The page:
Anointed by Your morning light, I lift my spirit to receive the gift of this new day. Open my eyes to the beauty that surrounds me that I may walk through this day with the kind of awareness that calls forth grateful living. In all of creation, let me see the brightness of Your face. Shine in my heart and on my life, filling me with joy, creativity, hope, and laughter. Draw me into the radiant glory of Your presence and into the small lights of those with whom I live and work. Inspire me to take time for those who are discouraged. May I live with the kind of presence that enables others to feel at home. Great Dawn of God, hear my prayer.”

 

Read  Psalm 19, 95, or 147

 

Common Prayer for Ordinary Radicals:

 

These prayers are liturgical, meaning one person would pray the normal text and the congregation would all pray the bold words together. Since I mostly do this alone, I read the normal text and imagine all Christians dead or alive praying the bold texts with me. It really helps me feel like I am not alone in my desire to love and serve God this day. It reminds me I am part of the greatest team throughout all of history, and that they are in it with me.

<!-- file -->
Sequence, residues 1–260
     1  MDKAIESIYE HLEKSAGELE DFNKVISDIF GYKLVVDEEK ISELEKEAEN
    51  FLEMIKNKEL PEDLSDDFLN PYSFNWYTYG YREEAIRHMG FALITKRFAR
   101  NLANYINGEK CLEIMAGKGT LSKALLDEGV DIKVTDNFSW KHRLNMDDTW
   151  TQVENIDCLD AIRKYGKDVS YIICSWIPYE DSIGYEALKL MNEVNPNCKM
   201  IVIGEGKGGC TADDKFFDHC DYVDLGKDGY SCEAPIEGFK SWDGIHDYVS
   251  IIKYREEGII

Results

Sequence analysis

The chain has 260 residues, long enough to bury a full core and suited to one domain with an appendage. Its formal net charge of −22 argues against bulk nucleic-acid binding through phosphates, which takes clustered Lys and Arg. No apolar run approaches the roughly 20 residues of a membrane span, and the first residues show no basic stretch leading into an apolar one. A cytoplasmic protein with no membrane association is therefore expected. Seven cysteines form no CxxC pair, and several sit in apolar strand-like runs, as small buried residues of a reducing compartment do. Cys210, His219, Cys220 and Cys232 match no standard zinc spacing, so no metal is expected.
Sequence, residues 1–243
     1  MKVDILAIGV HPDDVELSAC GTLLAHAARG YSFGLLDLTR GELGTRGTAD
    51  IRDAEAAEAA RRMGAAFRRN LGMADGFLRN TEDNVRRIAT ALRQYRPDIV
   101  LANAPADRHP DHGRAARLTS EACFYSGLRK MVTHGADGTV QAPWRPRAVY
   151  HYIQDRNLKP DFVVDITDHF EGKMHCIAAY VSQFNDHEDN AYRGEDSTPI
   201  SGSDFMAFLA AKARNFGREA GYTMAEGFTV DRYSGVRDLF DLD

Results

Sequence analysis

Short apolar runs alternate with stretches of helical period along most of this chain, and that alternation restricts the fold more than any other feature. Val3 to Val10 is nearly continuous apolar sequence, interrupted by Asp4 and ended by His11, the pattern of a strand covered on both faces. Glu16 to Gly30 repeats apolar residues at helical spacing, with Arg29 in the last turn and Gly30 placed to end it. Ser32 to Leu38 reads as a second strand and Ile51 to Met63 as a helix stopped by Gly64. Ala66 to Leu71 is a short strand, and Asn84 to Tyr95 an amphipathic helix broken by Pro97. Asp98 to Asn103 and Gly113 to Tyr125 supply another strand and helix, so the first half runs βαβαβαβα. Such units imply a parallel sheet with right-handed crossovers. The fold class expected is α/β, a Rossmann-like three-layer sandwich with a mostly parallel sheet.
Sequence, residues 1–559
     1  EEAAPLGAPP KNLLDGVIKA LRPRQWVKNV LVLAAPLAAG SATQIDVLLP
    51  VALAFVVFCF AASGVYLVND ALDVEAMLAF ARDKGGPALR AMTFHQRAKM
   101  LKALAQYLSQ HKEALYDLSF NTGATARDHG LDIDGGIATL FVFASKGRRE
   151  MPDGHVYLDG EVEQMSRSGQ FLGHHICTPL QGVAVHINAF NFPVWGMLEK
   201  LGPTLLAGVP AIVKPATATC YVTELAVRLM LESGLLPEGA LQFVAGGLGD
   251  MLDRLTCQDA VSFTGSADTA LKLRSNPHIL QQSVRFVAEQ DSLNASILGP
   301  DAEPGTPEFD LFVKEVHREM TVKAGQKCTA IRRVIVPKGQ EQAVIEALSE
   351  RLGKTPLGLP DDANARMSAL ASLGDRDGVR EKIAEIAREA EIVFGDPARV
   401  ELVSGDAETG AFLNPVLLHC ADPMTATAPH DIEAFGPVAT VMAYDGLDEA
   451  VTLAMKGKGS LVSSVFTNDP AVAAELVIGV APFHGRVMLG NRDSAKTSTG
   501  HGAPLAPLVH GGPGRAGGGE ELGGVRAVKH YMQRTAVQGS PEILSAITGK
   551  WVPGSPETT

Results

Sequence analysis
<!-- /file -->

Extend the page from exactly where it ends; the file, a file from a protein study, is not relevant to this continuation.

O Lord, let my soul rise up to meet you

As the day rises to meet the sun.

 

Glory to the Father, to the Son, and to the Holy Spirit,

As it was in the beginning, is now, and will be forever

Amen.

 

Come, let us bow down and bend the knee: let us kneel before the Lord our Maker.

 

(Play a song that reminds you of God’s goodness and love, or you can purchase the book and use the songs list they provide)

 

In our lives and in our prayers: may Your kingdom come.

 

(Read a psalm)

 

In our lives and in our prayers: may Your kingdom come.

 

(Read from scripture. They recommend a passage from the old and one from the new testaments. I like to use whatever I happen to be reading currently, or it is always good to use a daily reading guide. They have one for you in the pocket edition of the book)